“How do you know?”

“I can move my arms and head, but I can’t feel anything below my waist.”

“You’re probably right. Are you in pain?”

“I’ve felt better. How many survived the crash?”

“Nine, including me and you.”

“There were fourteen on board.”

“I know. What caused the crash?” Betsy asked.

“We lost power. Everything just went out. Engines, radio, and ... well ... everything. This is a fly by wire jet. When we lost electricity, we couldn’t steer the plane. We just dropped from the sky.”

“That’s bad.”

“You aren’t just whistling Dixie. We couldn’t radio in our position, I think the transponder went out, and we might not have even been on radar for as long as two minutes. They aren’t going to be able to find us. Their search area is going to be two thousand square miles.”

“You’re just full of good news, aren’t you?” Betsy said with a smile.

“I do have some good news. I’ve got a map here and I’m pretty sure that you can use the GPS in your cell phone to locate where we are.”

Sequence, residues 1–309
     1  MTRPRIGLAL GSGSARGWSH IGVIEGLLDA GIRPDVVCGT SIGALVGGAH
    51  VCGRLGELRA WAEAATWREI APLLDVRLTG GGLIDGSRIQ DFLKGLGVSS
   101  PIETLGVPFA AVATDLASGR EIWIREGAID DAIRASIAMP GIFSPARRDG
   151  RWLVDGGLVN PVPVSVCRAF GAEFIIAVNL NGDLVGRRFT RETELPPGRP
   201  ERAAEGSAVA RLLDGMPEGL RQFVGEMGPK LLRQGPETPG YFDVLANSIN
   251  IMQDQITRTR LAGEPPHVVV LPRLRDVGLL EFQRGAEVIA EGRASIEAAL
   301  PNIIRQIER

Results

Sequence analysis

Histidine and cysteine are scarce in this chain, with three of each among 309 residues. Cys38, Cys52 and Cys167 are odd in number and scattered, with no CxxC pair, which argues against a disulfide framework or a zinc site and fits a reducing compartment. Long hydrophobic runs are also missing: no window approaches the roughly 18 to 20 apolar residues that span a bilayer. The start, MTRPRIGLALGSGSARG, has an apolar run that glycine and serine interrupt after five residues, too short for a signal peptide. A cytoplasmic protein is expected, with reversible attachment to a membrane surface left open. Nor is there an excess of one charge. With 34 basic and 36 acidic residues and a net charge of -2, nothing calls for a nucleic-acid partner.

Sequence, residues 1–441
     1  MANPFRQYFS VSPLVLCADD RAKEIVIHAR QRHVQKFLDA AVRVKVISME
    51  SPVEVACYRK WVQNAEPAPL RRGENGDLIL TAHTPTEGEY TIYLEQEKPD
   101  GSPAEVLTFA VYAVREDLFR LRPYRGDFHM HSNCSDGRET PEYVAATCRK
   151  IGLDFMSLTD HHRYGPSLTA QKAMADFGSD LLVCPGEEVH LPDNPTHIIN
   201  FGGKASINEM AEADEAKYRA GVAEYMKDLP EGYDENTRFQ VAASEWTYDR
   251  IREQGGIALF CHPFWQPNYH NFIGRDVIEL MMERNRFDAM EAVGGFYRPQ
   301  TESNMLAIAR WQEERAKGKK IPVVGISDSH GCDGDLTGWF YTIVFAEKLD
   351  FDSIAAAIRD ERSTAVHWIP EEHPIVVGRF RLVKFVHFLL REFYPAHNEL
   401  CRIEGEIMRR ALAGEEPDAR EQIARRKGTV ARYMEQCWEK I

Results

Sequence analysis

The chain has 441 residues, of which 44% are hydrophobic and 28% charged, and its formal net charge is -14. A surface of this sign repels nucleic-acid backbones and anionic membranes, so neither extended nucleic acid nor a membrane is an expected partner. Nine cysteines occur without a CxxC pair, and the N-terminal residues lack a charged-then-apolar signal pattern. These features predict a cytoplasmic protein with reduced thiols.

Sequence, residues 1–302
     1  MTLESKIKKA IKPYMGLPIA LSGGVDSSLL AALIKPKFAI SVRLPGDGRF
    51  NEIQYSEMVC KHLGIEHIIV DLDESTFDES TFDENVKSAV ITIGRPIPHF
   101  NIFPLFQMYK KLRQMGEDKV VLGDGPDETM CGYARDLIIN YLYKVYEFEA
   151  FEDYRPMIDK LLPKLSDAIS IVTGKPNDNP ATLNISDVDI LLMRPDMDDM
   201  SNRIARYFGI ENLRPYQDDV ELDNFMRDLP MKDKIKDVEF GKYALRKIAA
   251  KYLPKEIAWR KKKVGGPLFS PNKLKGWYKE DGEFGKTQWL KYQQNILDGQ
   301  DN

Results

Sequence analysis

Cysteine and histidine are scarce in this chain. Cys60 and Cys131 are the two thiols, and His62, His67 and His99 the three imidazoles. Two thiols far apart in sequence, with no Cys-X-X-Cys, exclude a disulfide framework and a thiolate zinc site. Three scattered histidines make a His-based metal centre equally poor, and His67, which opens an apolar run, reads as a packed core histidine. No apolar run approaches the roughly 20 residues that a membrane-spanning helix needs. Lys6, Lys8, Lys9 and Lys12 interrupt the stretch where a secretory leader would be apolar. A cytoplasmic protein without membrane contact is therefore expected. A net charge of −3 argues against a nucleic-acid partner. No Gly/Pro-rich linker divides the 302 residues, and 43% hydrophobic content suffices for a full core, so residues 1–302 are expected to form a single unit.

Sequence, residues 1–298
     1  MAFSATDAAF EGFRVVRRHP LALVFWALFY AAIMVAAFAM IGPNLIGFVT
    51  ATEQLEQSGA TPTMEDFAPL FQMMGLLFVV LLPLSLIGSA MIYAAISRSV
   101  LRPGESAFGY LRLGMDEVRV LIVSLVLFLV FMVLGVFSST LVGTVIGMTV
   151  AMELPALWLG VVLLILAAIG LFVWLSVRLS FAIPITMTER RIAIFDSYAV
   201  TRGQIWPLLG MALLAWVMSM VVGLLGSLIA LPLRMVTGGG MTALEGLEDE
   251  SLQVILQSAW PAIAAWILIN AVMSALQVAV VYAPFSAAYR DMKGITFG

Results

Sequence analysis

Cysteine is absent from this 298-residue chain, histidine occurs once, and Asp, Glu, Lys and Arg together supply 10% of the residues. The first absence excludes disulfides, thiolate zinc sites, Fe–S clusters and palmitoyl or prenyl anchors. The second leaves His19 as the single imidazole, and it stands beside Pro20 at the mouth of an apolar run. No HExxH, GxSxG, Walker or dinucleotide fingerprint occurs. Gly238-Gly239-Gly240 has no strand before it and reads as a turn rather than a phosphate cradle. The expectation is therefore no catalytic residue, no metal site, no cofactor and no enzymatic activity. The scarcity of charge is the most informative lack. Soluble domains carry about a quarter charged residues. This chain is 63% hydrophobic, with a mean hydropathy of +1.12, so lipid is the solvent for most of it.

“So we just fix the radio and call in our location,” Betsy said before looking at the instrument panel. “Let me guess. The box with a branch sticking through half of it is the radio.”

“That’s right.”

“Any chance of cell coverage?” Betsy asked while pulling out her cell phone.

“We’re in the middle of nowhere.”

Betsy frowned.

“It will take my Dad at least a day to find out I’m missing. It could be the next day before he learns that I was on a plane that crashed. He’ll call Annette, and she’ll find us. The earliest we can expect to be found is in a day or maybe two.”

“Some woman will find us? How?”